Somerby shouldn't try to discuss these topics. He reveals his ambivalence toward women with every word.

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  2. "That certainly may be true."

    Meh. That is one liberal 'identity' they scared shitless to even appear, to even remotely appear, to discriminate against.

    And, as usual, you know it just as well as I do, dear Bob.

    "In our view, it's astounding to think that an academic—even an assistant professor—would present work of this type for publication."

    There's absolutely nothing astounding in it: they are dembots. They do what they're told, dear Bob. And everyone published by your zombie media is a dembot, not just these fellas.

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  3. Here Somerby, I'll sort this out for you. If black women received the same level of discrimination in pay and the same amount of other harassment, but it affected their participation in the field more strongly to the point that they are .2% (.002) of the degrees granted, then it suggests they are more vulnerable to the discrimination, perhaps because they receive less support from others (those not discriminating) than white, Latina or Asian women receive. If this were not so, they would be expected to be influenced to the same extent as the other groups by the reported difficulties (low pay, harassment).

    Remember that the headline is that economics is not welcoming or supportive, not that pay is low and there is sexual harassment. The welcome and support may dictate whether black women stay or quit the profession when they experience the low pay and harassment that other women experience.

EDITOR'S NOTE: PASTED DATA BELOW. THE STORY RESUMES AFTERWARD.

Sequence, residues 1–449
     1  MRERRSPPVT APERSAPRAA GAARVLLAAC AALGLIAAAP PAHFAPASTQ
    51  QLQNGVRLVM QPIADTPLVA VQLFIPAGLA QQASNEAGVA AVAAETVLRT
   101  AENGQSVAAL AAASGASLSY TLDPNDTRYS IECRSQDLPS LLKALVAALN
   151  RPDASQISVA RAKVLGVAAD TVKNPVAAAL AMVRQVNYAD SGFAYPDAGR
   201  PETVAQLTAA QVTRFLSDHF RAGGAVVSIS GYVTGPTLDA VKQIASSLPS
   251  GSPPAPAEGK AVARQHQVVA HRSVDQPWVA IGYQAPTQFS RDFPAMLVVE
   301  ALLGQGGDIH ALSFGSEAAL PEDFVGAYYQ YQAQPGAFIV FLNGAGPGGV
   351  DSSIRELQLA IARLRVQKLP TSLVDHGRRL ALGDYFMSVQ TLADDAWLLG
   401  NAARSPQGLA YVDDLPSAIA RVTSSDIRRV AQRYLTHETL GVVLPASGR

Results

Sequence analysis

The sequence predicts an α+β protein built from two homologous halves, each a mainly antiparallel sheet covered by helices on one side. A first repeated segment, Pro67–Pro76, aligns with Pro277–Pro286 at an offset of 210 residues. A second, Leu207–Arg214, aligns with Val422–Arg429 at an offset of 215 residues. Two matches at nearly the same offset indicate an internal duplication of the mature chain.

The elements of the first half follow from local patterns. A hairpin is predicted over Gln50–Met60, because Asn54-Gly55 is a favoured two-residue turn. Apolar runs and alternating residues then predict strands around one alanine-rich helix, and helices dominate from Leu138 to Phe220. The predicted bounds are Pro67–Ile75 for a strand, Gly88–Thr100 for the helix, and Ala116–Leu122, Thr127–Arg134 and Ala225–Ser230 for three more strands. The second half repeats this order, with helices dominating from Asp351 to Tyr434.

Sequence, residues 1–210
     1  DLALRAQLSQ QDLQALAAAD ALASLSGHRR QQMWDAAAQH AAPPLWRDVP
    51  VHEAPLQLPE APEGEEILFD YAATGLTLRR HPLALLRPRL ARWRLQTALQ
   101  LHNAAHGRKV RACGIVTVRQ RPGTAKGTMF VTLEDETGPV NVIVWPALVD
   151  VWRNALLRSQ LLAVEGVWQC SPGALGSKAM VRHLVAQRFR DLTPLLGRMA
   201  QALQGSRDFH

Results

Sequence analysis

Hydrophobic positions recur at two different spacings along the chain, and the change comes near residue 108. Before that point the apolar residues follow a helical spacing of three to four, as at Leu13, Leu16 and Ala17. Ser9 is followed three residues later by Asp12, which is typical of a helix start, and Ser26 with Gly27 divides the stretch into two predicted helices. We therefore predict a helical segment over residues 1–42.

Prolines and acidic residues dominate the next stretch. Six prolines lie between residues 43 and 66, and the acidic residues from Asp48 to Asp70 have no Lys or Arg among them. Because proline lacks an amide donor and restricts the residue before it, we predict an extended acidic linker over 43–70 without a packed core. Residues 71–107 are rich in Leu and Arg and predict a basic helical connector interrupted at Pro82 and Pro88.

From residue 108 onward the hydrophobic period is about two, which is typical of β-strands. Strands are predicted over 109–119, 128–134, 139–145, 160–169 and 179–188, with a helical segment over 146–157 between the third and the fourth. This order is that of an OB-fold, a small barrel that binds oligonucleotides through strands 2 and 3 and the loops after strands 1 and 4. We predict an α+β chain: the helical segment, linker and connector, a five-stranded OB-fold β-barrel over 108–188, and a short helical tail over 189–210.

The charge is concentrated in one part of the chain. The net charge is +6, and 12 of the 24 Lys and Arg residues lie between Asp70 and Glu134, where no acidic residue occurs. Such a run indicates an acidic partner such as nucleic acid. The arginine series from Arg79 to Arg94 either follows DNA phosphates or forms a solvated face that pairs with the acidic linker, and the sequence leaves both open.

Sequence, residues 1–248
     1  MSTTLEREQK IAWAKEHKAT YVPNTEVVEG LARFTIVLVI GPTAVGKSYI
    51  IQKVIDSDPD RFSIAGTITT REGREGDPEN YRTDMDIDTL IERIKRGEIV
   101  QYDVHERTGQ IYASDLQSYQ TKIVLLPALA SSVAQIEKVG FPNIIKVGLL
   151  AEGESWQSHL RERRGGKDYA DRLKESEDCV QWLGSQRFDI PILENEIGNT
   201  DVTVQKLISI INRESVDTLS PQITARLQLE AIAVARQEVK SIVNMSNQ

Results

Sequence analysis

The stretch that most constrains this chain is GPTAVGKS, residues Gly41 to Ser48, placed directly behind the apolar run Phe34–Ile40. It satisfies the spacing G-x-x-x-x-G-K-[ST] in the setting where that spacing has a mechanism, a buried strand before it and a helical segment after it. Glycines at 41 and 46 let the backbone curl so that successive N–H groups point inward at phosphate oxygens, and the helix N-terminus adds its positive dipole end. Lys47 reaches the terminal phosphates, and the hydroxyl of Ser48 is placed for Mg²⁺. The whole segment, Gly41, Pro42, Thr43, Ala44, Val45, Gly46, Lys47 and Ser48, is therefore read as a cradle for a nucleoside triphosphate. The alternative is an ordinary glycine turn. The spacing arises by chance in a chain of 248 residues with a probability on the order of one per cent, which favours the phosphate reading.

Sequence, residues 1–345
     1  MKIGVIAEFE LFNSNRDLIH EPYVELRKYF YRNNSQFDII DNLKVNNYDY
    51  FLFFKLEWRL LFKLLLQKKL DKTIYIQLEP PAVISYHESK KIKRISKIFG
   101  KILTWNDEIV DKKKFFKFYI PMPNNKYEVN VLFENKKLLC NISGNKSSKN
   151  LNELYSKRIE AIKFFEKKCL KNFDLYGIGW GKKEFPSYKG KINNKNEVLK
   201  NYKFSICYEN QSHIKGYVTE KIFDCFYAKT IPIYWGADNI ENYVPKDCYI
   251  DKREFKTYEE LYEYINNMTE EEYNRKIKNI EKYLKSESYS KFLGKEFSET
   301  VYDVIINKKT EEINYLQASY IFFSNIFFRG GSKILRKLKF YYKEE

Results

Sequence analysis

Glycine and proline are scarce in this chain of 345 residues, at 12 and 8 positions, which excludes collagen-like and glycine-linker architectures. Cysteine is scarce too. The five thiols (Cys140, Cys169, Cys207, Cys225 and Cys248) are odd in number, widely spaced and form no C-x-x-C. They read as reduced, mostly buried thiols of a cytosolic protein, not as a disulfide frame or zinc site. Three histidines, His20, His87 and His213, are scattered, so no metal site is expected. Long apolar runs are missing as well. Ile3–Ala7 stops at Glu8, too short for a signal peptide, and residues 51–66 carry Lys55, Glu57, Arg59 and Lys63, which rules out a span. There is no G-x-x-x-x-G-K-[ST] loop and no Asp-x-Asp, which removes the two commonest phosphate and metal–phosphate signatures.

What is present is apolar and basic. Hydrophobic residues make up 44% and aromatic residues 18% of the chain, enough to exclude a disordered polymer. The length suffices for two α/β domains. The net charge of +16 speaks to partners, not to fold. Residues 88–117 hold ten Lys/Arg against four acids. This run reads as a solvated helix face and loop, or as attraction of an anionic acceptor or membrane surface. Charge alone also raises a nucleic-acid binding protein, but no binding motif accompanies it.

Somerby thinks this is a failure of interpretation by Cook and the NY Times. I consider it a failure of Somerby, who doesn't understand social science research or women's issues and who doesn't think a single second about the real people behind the numbers in this and similar studies.

    Apparently Somerby can only think about one number at a time and cannot combine the information provided in several different sets of numbers to come up with a larger understanding. That is no doubt why he became a standup comedian instead of an economist or journalist or anything else requiring some actual thought.

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    1. Actual figure was .06 not .02 but the point is the same

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    2. 'Apparently Somerby can only think about one number at a time '

      Did you use the word 'think' and Somerby in the same line ?